(Special Rapporteur Beyani is participating in a roundtable hosted by USAID Deputy Administrator Steinberg on March 22. USAID supports the work of the Special Rapporteur through the Brookings-London School of Economics (LSE) Project on Internal Displacement.)
As a reader of this blog, I invite and challenge you to do more in a personal capacity to join efforts and work daily to advance human rights in the world and enhance international development or peacebuilding efforts. The more you and do so the more we will realize that there is a multiplying force of reliable partners in achieving tangible and lasting results.
For the most part of my life, I have been involved in human rights work in various capacities. But the past year and a half saw me assume the role of an independent expert with responsibility for maintaining and continuing to advance the mandate of the UN Special Rapporteur on the Human Rights of Internally Displaced Persons (IDPs). I inherited the mandate from two pioneers in the field of internal displacement, Francis Deng and Walter Kälin, and have done my best to continue building upon previous achievements towards protecting and assisting IDPs. And I believe that Francis and Walter would agree that as the mandate reaches its 20th anniversary this year that much has been accomplished, but much remains to be done.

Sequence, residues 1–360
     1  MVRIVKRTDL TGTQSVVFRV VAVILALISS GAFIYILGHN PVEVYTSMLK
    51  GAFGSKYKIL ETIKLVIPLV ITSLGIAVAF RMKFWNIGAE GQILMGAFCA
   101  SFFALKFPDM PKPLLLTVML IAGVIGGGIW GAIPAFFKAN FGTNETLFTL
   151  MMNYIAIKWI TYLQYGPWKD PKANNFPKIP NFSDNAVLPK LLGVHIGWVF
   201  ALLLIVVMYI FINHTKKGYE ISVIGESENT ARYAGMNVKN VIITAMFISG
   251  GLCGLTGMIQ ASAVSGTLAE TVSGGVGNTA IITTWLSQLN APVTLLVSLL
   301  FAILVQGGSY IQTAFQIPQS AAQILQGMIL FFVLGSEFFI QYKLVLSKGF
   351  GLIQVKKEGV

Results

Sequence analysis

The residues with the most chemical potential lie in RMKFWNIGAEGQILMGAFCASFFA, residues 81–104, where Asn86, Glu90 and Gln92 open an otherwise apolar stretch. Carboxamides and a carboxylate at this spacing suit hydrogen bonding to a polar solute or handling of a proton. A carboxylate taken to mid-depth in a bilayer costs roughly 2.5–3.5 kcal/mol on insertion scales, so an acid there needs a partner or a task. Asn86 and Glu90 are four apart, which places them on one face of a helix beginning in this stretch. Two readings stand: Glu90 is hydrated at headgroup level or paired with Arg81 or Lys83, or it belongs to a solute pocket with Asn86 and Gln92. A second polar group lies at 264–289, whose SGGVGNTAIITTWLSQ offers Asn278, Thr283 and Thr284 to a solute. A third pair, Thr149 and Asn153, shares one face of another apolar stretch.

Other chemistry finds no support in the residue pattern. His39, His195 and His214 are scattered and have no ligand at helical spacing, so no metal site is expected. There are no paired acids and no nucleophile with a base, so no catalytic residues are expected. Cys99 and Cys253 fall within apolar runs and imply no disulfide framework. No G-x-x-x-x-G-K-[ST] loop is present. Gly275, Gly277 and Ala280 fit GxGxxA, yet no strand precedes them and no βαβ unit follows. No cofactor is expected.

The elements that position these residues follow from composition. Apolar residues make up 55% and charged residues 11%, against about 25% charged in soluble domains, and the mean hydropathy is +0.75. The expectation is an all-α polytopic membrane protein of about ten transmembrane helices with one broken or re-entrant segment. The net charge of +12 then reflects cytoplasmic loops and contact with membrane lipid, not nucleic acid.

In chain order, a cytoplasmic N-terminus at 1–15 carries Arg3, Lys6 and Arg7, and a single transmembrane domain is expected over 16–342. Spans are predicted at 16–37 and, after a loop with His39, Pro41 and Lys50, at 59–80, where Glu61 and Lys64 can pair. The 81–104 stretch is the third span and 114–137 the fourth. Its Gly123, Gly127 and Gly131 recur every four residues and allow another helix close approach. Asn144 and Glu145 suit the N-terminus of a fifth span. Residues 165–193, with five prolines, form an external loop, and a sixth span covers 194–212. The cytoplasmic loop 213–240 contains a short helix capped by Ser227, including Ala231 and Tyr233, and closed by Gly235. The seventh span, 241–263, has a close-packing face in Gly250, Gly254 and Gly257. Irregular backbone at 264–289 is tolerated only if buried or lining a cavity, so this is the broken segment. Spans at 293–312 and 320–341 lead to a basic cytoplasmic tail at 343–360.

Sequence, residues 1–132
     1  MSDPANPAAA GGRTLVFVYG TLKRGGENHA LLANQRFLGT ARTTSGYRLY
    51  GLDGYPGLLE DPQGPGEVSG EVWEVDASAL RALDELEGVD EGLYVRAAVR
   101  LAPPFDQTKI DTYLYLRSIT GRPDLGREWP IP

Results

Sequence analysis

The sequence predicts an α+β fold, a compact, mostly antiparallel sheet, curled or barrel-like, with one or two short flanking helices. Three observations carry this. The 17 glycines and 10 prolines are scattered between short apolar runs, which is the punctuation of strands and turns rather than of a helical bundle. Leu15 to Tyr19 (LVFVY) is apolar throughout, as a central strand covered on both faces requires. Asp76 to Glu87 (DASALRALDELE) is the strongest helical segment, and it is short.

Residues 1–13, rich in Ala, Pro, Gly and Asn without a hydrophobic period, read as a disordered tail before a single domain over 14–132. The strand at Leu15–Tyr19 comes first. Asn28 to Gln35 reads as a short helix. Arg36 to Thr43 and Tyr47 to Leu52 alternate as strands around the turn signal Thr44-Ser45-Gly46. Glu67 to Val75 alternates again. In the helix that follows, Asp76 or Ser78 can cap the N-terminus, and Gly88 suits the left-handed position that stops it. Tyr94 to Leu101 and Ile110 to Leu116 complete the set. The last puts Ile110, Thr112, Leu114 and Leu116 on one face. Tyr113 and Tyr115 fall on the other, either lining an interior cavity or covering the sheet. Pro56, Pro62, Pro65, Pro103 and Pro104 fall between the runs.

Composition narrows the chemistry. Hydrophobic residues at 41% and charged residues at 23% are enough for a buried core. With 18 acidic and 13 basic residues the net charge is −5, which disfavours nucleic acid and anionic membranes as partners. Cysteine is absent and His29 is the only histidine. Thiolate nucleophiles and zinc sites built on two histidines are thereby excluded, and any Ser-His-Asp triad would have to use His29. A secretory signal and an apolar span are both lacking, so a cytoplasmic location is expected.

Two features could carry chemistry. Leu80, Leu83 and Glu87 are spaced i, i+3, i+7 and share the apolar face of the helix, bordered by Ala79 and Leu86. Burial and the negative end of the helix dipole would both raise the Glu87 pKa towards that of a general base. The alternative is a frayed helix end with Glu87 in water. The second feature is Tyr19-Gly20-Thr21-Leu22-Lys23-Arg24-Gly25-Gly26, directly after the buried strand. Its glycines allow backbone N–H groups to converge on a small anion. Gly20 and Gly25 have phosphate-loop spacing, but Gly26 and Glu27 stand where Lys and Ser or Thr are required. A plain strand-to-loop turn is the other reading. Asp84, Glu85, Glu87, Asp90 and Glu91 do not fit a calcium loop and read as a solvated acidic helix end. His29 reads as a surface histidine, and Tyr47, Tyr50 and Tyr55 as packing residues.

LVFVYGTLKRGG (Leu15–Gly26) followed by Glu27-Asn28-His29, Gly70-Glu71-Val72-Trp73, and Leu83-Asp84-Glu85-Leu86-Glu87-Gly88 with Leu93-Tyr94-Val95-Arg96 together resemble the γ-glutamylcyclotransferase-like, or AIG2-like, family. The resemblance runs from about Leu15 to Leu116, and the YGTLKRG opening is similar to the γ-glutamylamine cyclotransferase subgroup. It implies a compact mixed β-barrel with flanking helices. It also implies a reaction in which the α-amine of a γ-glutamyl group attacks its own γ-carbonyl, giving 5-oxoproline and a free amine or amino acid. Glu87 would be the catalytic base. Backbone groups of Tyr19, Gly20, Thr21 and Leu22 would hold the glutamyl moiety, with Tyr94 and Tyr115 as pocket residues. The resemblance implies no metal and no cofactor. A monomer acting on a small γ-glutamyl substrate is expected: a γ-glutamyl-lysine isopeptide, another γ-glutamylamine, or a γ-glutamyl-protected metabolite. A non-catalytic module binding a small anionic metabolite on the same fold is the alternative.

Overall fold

It is clear that since the beginning of the international community’s response to internal displacement, it has been the collective action of dedicated civil society organizations, government agencies, supportive donors, key scholars and academics, and passionate advocates for change that have made the difference. The Guiding Principles on Internal Displacement are the bedrock upon which much has been built, and they are a product of teamwork. Other landmark documents and normative frameworks, including the Framework for Durable Solutions (which outlines the necessary criteria to end displacement) and the African Union’s Kampala Convention (the first binding regional treaty on IDPs), are similarly products of dedicated and collaborative efforts.
The unfortunate truth is that despite tremendous progress, today there are still some 27 million IDPs around the world who have fled situations of armed conflict or human rights abuses. Many millions more are displaced each year by natural disasters, development projects, and increasingly, the effects of climate change. The Guiding Principles outline the basic steps necessary to prevent, respond to, and bring an end to internal displacement, but their application into national legal policy frameworks remains a challenging objective.